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Working with Stories

When embracing the benefits of working with stories, it’s important to keep two things in mind: engage empathy and embrace emergence.

In a previous post, I presented the benefits of building a narrative organization—that is, an organization that continually elicits and shares stories. When embracing the benefits of working with stories, it’s important to keep two things in mind:

Engage Empathy

Develop and engage a keen sense of empathy. Consider what people physically and emotionally need in order to share their stories. Make certain that people are in no way coerced into sharing a story, and explore and protect against any possibilities that the teller may be stigmatized, or even harmed, because he or she has shared a story.

Remember that each individual wholly owns his or her stories. Personal stories are not commodities, to be taken from one person and given to another, in exchange for reimbursement of some sort. Aspen Baker, the leader of Exhale, a “pro-voice” organization that facilitates nonjudgmental sharing of stories about abortion experiences, asserts, “The storyteller must stay at the center of the story.”

Remember, too, that the audience is a partner in the story sharing. Create conditions favorable to the listener fully receiving and making sense of the story. Sam Gregory, of WITNESS, and a leader in sharing stories to combat human rights abuses, observes that storytellers need to make “a shift from a notion of the empathetic first-person witness to empathetic engagement.” This was clearly and recently valued by Exhale, which initiated 16 and Loved, a campaign to ensure that three young women who shared their stories about abortion on MTV were supported and that viewers were provided with a context in which to watch the program.

One of the best ways to develop empathy toward your story sharers and listeners is to share and listen yourself. If you are asking for stories about a particular subject, undertake the elicitation yourself, and share stories about the topic. Asian Communities for Reproductive Justice is asking thousands people, “What makes your family strong?” Staff members and volunteers answered the question themselves, and shared their responses with each other. They even invited a group of funders to do the same and to experience the power of sharing stories about their strong families.

Embrace Emergence

Understand that story begets story. Story is a contagion: By sharing a story, you will elicit stories in response. Keep this in mind, creating both the time and physical requirements that respect and enable a flow of stories.

In order to hear the real range of people’s complex experiences and emotions, you must avoid communicating that only certain stories are acceptable, welcome, and valued.  If you are too descriptive about the types of stories you want to hear, you may not hear anything at all.  For example, someone once complained to me that she asked her nursing staff: “Tell me a story that I can share in the hospital newsletter, and that will increase staff morale and employee retention.” She didn’t get any stories. If she asked for experiences about people feeling valued at work, or about their best day on the job, she would have likely gotten more stories. To truly gain insight into problems with staff retention—and to demonstrate genuine respect for them—she could also ask about times that they did not feel valued or about their worst day on the job.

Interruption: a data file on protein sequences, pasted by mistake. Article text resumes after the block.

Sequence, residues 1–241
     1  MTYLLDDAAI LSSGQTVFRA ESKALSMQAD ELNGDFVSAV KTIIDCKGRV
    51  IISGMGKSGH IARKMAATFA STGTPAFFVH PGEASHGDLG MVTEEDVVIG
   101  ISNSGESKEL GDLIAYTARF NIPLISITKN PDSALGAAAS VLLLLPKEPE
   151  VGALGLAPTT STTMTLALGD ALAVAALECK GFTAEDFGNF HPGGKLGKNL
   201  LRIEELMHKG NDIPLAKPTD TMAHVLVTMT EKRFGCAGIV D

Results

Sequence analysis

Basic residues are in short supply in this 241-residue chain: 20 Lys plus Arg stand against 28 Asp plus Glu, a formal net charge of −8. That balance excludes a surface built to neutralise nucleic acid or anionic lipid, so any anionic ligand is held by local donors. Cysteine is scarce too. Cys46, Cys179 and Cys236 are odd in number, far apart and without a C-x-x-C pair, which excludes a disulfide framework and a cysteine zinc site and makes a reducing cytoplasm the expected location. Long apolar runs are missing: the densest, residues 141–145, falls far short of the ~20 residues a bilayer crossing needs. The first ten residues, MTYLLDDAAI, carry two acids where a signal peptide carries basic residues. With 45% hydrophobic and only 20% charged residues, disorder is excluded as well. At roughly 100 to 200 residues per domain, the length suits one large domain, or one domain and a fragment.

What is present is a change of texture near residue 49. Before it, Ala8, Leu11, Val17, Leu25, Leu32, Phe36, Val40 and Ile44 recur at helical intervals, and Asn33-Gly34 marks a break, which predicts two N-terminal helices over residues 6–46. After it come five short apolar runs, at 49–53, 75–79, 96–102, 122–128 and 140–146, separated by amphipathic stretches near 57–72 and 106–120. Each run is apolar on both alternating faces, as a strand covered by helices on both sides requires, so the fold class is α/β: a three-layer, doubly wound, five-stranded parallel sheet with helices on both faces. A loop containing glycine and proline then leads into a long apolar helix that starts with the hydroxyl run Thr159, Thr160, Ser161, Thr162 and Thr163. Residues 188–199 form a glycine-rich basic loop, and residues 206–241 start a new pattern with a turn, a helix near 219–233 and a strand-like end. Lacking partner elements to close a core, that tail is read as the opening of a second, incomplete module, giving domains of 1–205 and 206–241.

Listen, too, for the stories that you may not be hearing. Are you hearing stories across a spectrum of emotions or from just one point of view? Are you hearing from absolutely all of the people who may have something to say? If necessary, seek out the voices that have yet to surface, and ensure that they are heard. If Exhale heard only the stories expressed on its free, post-abortion talkline, it would miss the voices of the women and men who never called. Exhale aims to capture stories it would otherwise miss: Baker says, “Exhale must work in diverse forums, online and offline, to meet people where they are—emotionally, geographically, and through a medium in which they are comfortable sharing their story. ” 

Refrain from starting a narrative project with a predetermined sense of the stories you will hear. When stories are elicited with honesty and benevolence (and they must be!), you will most likely be surprised, delighted, and frightened by what you hear. Commit yourself to the journey, not to the product.

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COMMENTS

  • BY Deji Olukotun American Jewish World Service

    ON June 29, 2011 09:47 AM

    I enjoyed this article, particularly the emphasis on empathy. Martha Nussbaum identified this trend almost twenty years ago and I think it remains relevant today.

    I’m currently guest editing a series on storytelling at American Jewish World Service, an international development organization. We have featured articles by grant makers, advocacy officers, and a Rabbi. More is coming. I would be delighted if you would visit the series on AJWS’s Global Voices Blog: http://blogs.ajws.org/blog/2011/06/23/advocacy-and-storytelling/

    Thanks for writing!

  • BY Karen Dietz, Polaris Assoc. Consulting & Just

    ON July 7, 2011 06:50 PM

    Hi Thelar—what a great article.  Thanks for putting it together!  I really like the emphasis on both story sharing and emergence.  And I also like the mention about storytelling ethics and who the story belongs to.  All are great points to remember as we do our work with stories in organizations and educate clients about the care and feeding of stories.  Karen Dietz

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